Astronomy

What direction does 0° in the J2000 epoch point towards on January 1, 2000?

What direction does 0° in the J2000 epoch point towards on January 1, 2000?


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Is 0 degrees in the J2000 Epoch 'right ascension' is a line from Earth to the sun on January 1, 2000? Or is 0 degrees the direction towards the ascending node 'equinox'? Which is NOT towards the Sun on January first…


Or is 0 degrees the direction towards the ascending node 'equinox'? Which is NOT towards the Sun on January first…

The answer is yes, more or less. From JPL's HORIZONS, the location of the Sun at Noon Terrestrial Time on 1 Jan 2000 is, ignoring atmospheric effects, a right ascension of 18 hours, 45 minutes, and 9.36 seconds. This is nowhere close to a right ascension of zero hours (or 24 hours, same thing).

The right ascension of the Sun with respect to the center of the Earth is zero at the March equinox.


What direction does 0° in the J2000 epoch point towards on January 1, 2000? - Astronomy

1. GEI: Geocentric Equatorial Inertial system. This system has X-axis pointing from the Earth toward the first point of Aries (the position of the Sun at the vernal equinox). This direction is the intersection of the Earth's equatorial plane and the ecliptic plane and thus the X-axis lies in both planes. The Z-axis is parallel to the rotation axis of the Earth, and y completes the right-handed orthogonal set (Y = Z * X). Geocentric Inertial (GCI) and Earth-Centered Inertial (ECI) are the same as GEI.

2. GEO: Geographic coordinate system. This system is defined so that its X-axis is in the Earth's equatorial plane but is fixed with the rotation of the Earth so that it passes through the Greenwich meridian (0 longitude). Its Z-axis is parallel to the rotation axis of the Earth, and its Y-axis completes a right handed orthogonal set (Y = Z * X).

3. GM: Geomagnetic coordinate system. Z-axis points to the Geomagnetic north pole (in Greenland). The positive X-axis points towards the great circle encompassing the North and South Geomagetic poles and lies in the geomagnetic equatorial plane in the segment that is in the western hemisphere. (The South GM pole is the antipode of the North GM pole.) Earth-centered Dipole is invoked. Y completes the triad.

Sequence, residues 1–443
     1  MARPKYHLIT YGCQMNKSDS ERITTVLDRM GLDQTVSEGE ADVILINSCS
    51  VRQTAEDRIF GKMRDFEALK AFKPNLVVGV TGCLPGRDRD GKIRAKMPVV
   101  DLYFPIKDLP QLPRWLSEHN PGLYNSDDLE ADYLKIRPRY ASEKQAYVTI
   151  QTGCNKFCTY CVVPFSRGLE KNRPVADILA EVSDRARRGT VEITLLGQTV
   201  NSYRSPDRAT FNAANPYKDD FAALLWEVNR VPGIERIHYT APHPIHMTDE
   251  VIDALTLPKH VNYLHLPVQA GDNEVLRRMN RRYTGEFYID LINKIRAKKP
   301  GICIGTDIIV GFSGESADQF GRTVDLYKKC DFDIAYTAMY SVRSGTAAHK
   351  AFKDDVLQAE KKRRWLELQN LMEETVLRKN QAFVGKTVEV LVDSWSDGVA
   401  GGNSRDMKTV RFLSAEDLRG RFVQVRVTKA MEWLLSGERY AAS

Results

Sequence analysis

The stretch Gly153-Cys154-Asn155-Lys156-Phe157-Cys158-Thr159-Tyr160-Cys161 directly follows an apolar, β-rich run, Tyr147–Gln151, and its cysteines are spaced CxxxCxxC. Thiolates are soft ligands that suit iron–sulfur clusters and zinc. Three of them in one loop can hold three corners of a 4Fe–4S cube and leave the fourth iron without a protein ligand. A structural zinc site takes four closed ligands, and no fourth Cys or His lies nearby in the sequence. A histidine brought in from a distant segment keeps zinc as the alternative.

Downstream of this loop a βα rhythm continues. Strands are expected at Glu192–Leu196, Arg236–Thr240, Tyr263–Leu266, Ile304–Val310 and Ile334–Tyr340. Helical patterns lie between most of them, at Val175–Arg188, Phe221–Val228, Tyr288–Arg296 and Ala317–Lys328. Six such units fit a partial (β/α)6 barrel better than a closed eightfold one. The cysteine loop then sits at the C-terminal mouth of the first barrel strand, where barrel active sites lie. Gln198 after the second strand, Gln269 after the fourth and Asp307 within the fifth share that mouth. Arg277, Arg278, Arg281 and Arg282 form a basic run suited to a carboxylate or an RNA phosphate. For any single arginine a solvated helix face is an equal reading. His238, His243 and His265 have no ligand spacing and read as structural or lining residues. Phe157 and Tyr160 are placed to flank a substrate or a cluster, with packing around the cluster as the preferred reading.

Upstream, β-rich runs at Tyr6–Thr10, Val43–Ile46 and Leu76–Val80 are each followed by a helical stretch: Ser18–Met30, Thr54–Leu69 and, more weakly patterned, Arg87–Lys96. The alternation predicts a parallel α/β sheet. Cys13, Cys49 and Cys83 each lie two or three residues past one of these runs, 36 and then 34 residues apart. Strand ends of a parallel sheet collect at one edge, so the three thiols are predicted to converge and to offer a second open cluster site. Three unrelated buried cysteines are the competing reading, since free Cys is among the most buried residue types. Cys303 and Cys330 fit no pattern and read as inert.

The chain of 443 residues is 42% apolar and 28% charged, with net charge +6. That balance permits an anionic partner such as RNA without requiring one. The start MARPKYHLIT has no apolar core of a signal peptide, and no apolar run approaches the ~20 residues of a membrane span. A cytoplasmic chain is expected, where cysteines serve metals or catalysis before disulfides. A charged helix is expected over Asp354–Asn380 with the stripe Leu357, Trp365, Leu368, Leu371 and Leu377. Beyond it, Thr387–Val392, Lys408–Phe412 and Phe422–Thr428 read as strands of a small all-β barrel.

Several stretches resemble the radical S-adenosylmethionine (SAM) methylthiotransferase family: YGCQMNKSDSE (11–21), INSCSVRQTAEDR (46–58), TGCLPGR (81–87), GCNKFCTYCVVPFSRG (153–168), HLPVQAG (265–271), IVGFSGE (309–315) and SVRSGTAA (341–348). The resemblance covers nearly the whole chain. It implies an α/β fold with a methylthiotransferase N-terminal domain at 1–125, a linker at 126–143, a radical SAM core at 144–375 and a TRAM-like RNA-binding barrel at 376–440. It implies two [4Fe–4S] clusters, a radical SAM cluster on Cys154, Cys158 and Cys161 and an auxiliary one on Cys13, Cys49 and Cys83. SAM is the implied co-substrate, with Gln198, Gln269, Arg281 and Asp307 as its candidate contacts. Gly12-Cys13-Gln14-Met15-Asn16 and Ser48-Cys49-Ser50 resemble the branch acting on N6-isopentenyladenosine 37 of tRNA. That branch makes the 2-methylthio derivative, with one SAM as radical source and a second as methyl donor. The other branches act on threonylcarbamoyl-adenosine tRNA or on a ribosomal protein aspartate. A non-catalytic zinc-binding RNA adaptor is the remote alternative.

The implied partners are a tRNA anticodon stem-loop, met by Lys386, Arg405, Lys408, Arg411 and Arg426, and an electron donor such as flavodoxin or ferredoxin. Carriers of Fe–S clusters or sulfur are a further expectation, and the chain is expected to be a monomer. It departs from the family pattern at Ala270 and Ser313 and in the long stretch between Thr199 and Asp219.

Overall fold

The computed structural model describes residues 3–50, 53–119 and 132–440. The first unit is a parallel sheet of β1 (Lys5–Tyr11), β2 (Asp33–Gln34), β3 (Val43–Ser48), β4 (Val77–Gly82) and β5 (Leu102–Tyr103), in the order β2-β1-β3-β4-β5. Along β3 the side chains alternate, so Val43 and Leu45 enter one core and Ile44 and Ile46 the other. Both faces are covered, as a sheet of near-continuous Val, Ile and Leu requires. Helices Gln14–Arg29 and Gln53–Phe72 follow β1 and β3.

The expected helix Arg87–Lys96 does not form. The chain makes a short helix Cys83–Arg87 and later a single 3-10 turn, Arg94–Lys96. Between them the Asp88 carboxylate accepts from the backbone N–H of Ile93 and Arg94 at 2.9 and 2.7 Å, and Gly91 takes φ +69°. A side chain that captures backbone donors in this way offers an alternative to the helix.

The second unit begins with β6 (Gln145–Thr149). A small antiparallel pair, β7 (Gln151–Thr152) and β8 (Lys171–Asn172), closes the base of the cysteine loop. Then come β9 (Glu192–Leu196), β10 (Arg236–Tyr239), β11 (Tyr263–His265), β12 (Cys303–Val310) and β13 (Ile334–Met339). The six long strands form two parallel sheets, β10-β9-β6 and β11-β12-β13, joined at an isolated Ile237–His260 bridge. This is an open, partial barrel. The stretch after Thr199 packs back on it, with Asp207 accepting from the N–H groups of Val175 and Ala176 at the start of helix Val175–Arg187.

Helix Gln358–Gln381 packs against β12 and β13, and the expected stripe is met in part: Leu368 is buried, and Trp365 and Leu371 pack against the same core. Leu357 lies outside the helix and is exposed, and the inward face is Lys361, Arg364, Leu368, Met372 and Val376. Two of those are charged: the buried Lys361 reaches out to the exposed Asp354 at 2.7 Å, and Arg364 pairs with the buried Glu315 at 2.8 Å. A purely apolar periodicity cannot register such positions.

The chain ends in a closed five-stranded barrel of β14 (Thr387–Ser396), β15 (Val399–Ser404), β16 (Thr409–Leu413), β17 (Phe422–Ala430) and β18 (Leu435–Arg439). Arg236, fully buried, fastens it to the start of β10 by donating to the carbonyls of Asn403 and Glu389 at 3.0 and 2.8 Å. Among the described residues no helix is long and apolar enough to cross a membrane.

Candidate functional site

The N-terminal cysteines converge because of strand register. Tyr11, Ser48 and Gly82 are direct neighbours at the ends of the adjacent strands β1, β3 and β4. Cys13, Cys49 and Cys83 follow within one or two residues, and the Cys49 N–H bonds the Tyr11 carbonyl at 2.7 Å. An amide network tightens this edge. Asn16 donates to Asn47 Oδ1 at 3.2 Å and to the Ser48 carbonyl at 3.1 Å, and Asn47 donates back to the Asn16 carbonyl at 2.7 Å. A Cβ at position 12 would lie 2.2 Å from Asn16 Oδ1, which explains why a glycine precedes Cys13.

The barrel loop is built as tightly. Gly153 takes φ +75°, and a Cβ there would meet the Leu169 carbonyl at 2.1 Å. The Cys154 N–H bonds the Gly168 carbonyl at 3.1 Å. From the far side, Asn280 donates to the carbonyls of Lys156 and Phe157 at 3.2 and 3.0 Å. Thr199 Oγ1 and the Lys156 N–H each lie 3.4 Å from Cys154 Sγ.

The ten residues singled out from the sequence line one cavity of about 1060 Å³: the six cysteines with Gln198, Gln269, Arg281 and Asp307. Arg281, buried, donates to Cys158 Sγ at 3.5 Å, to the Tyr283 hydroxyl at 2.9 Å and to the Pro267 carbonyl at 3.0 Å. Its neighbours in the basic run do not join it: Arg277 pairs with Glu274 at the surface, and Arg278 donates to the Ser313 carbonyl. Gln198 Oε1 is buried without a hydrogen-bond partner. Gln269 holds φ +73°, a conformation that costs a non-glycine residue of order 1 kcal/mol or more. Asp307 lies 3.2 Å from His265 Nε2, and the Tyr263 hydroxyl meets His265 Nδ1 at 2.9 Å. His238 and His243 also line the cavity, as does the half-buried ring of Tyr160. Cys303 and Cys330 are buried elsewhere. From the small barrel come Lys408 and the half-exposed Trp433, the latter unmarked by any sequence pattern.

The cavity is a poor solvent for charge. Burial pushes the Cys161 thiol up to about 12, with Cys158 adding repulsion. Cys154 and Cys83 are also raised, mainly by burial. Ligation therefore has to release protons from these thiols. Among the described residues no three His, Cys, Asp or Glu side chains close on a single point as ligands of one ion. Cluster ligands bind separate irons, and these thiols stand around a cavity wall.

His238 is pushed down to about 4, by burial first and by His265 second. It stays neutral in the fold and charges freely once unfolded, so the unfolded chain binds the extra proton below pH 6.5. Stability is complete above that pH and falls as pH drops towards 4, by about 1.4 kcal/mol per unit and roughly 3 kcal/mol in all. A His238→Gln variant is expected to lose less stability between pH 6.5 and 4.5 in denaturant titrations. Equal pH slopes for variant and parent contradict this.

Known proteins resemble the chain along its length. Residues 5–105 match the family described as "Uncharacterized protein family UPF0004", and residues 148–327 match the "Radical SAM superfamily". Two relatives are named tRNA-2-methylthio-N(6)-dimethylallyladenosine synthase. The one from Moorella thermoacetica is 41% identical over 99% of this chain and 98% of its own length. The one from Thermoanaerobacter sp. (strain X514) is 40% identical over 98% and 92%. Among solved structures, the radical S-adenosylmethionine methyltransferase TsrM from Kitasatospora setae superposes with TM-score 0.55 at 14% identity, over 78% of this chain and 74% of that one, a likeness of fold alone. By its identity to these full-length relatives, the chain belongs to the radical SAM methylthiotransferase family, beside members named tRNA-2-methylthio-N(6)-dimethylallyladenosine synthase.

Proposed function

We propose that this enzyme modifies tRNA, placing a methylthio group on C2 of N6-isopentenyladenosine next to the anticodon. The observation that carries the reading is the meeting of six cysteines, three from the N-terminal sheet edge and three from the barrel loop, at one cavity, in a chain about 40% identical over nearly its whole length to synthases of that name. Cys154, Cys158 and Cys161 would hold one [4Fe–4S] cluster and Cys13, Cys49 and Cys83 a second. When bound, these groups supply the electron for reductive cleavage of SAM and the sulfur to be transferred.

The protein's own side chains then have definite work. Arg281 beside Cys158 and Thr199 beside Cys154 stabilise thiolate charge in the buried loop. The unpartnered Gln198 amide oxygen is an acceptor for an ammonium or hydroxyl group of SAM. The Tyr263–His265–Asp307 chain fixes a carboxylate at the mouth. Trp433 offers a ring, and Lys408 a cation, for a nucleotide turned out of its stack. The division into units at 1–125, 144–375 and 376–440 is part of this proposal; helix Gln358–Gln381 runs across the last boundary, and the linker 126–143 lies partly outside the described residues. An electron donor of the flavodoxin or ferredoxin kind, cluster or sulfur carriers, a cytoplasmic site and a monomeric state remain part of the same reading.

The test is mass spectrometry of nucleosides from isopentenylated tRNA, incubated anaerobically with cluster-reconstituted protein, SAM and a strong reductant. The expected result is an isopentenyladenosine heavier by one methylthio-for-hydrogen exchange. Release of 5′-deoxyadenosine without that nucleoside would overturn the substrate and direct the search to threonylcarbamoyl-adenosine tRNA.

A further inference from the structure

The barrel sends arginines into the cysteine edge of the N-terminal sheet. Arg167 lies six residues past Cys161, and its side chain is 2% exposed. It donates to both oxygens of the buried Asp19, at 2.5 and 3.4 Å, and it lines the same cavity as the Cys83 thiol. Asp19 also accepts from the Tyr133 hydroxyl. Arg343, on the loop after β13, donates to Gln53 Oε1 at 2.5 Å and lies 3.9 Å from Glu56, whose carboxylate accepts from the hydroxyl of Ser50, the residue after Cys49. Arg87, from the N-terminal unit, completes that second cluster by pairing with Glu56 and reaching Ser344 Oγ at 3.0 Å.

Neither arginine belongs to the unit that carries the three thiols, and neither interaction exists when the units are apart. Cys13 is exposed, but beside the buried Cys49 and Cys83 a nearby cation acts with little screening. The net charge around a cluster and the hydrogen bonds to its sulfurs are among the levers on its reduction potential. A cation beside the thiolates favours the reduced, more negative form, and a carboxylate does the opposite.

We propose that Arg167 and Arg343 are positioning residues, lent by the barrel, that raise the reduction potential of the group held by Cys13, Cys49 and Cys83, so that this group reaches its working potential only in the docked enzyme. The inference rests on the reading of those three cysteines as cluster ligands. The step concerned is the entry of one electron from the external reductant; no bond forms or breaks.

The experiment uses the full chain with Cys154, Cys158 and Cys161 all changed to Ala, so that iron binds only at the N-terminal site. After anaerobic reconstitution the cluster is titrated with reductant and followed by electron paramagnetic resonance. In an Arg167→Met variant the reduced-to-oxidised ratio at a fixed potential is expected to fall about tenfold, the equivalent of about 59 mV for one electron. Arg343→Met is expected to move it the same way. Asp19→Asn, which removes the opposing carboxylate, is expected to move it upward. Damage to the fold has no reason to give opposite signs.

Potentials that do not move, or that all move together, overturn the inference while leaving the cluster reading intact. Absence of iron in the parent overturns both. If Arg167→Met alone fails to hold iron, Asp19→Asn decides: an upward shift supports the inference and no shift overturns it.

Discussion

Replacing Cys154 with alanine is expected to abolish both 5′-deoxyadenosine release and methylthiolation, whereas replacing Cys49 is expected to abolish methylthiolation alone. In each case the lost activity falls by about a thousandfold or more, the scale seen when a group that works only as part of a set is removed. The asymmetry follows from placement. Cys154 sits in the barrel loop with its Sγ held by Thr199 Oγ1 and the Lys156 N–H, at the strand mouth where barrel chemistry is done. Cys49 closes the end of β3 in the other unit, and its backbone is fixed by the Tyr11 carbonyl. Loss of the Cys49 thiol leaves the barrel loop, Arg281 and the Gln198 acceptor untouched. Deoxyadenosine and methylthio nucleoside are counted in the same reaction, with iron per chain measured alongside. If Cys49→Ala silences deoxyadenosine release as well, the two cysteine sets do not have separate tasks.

4. GSE: Geocentric Solar Ecliptic system. This has its X-axis pointing from the Earth toward the Sun and its Y-axis is chosen to be in the ecliptic plane pointing towards dusk (thus opposing planetary motion). Its Z-axis is parallel to the ecliptic pole. Relative to an inertial system this system has a yearly rotation.

5. GSM: Geocentric Solar Magnetospheric system. This has its X-axis from the Earth to the Sun. The Y-axis is defined to be perpendicular to the Earth's magnetic dipole so that the X-Z plane contains the dipole axis. The positive Z-axis is chosen to be in the same sense as the northern magnetic pole. The difference between the GSM and GSE systems is simply a rotation about the X-axis.

6. SM: Solar Magnetic coordinates. In this system, the Z-axis is chosen parallel to the north magnetic pole and the Y-axis perpendicular to the Earth-Sun line towards dusk. The difference between this system and the GSM system is a rotation about the Y-axis. The amount of rotation is simply the dipole tilt angle. We note that in this system the X-axis does not point directly at the Sun. As with the GSM system, the SM system rotates with both a yearly and daily period with respect to inertial coordinates.

7. Invariant Latitude: For any point in space one can trace a B-field line to the Earth surface, assuming it is a centered dipole field. The GM latitude of this foot point is labelled as the Invariant Latitude along the entire field line. The dipole L-value is closely related to this invariant latitude L=1/(Cos(Lat))^2, and physically connotes the distance (in Earth radii) of the "top of the field line" from Earth center.

8. J2000: Geocentric Equatorial Inertial for epoch J2000.0 (GEI2000), also known as Mean Equator and Mean Equinox of J2000.0 (Julian date 2451545.0 TT (Terrestrial Time), or 2000 January 1 noon TT, or 2000 January 1 11:59:27.816 TAI or 2000 January 1 11:58:55.816 UTC.) This system has X-axis aligned with the mean equinox for epoch J2000 Z-axis is parallel to the rotation axis of the Earth, and Y completes the right-handed orthogonal set.


Equinox and Epoch

The word epoch denotes a particular point in time. In this sense the word has the same meaning in astronomy as it has in day-to-day life. For example, epoch J2000 means the time corresponding to the Julian date 2451545.0 in the concerned time system. In the Gregorian calendar this is 2000/1/1 12:00:00.

If we record the coordinates of a comet on 2011/11/11 11:11:11 UTC in the Gregorian calendar, then the epoch of the coordinates is 2011/11/11 11:11:11 UTC, or equivalently the Julian date 2455876.966099537 UTC. At a different time i.e., epoch, say 2011/11/11 22:22:22, the comet would have moved some distance and will have a different set of coordinates.

Due to precession the reference point for celestial coordinates, the vernal equinox, is continuously changing. So when specifying coordinates of a body we need to specify the location of the vernal equinox, which then fixes the orientation of the coordinate system. We do this by mentioning that the coordinate system is defined by the location of the vernal equinox at a particular time. This time i.e., epoch is referred to as the equinox of the coordinates.